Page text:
1.Prologue: Behind the Scenes
Today was our first back-to-back taping. Up until now we’ve taped the show on Tuesday and aired on Thursday, but this week circumstances conspired to allow us to tape next week’s show as well.
Usually the commentators on the show—me included—are busy with script meetings and the like before taping, so we mostly hang out in a meeting room with people coming and going. But on this day we had some downtime between the first and second tapings, and I had a wardrobe change, so Tsukagoshi-san (fellow commentator) and I got our own dressing room for the first time. Having a spacious room all to ourselves was a little intoxicating—I felt like I’d become a star in some small way.
Our featured topic this week was Prince Harry and Meghan Markle’s #RoyalWedding.
Meghan Markle rose to fame as one of the protagonists of the American television show Suits for many years. In honor of her and the occasion, the men all wore suits for today’s show.
2.Americans and the British Royal Family
The United States of America (technically, the originally 13 colonies) once declared its independence from Great Britain to escape the rule of the British crown. However, in recent years, Americans seem to have started once again to be drawn to the British Royal Family.
In 1985, the year I was born, Princess Diana visited the Ronald Regan White House and danced with John Travolta, and the occasion drew large crowds to Washington to catch a glimpse of the “People’s Princess". For Americans, there had always been something cold about the royal family, but the warmth of Lady Diana had captured their hearts.
Then in 2011, the royal wedding between Prince William and Catherine Middleton also made headlines in the U.S. I remember turning on the TV that morning and morning shows on every channel covering the event. The broadcasters were all glued to the proceedings.
Through the wedding of Princess Diana’s eldest son, many Americans became even more acquainted with the British royal family. Nevertheless, African Americans were one group that seemed to remain uninterested in all the pomp and circumstance. However, with Meghan Markle—who was born to an African American mother—becoming a member of the royal family, the demographic is taking notice.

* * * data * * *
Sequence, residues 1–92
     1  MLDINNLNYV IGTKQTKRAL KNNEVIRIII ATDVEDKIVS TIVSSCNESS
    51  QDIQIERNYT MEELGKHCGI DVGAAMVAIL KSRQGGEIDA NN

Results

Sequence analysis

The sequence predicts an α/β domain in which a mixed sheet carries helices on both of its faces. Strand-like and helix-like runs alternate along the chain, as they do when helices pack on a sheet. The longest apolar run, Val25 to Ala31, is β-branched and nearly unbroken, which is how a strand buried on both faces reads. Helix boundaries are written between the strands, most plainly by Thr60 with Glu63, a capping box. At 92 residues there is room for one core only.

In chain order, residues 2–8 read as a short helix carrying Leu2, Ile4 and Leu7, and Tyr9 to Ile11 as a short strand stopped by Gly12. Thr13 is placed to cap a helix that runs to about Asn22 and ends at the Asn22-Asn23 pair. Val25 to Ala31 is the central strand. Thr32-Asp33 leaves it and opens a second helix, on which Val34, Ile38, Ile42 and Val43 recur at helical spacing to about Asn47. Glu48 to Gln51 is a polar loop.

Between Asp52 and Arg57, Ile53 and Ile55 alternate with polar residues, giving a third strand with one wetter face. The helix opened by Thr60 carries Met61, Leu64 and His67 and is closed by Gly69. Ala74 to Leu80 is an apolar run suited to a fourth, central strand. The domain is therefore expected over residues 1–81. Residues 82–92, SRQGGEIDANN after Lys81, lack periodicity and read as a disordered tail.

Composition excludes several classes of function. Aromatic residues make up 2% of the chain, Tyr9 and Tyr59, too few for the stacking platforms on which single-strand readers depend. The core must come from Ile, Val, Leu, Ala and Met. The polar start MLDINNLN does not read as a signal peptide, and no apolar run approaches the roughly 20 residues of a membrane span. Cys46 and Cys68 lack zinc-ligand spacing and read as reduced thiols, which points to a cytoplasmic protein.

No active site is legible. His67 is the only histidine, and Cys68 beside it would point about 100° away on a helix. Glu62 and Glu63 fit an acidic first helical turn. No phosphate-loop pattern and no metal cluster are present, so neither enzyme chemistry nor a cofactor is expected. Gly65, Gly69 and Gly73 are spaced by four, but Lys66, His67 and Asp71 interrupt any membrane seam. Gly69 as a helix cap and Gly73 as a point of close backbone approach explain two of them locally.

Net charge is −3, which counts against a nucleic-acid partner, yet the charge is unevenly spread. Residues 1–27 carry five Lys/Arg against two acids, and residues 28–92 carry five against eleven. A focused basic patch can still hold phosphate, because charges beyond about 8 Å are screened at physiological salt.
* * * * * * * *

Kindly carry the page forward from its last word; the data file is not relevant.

The wedding sermon of presiding bishop Michael Curry of the Episcopal Church might have left the British royal family and their relatives in a--much needed--state of shock, for African Americans, it was unmistakably a moving scene.
3.My Wardrobe This Week
White shirt by Azabu Tailor
A collar pin is a simple accessory about the size of a toothpick, with two ends that can be screwed on or off. It lifts the knot of your necktie and creates a three-dimensional effect around your v-zone. Other than a collar pin, you can also get your hands on safety pins, collar clips, and buttons.
This week we were taping two episodes back to back, and as such I had a tight schedule in terms of changing wardrobe. This particular shirt has thick, 5 mm buttons (as opposed to the standard 2.5 mm) made of silver-lipped pearl oyster, which were easy to fasten. But collar pins are another level of stress—the entire time I was afraid I’d lose the collar pin, or that I’d have trouble pinning the shirt.
But I was incredibly careful when putting it on and removing it, and I managed to get through the taping in one piece. There aren’t many accessories out there a man can pull off, but the collar pin makes you feel like a million bucks.
Necktie by Ralph Lauren
When using a collar pin, the trick is to use a plain knot and make the knot itself as small as possible.
Black silk knot cufflinks
Normally with cufflinks, it’s best to go with metallic ones for a special occasion. However, because our show is shot in front of a blue screen, I have to refrain from wearing anything blue as well as metallic, reflective objects. So I went with the silk knot option.
Black suit by Global Style
People say that your first suit should be in navy, and the second in gray. I agree that those two colors are the most versatile. Black suits, on the other hand, are often associated with weddings, funerals, and other formal occasions and parties. For me, the film Men in Black immediately comes to mind.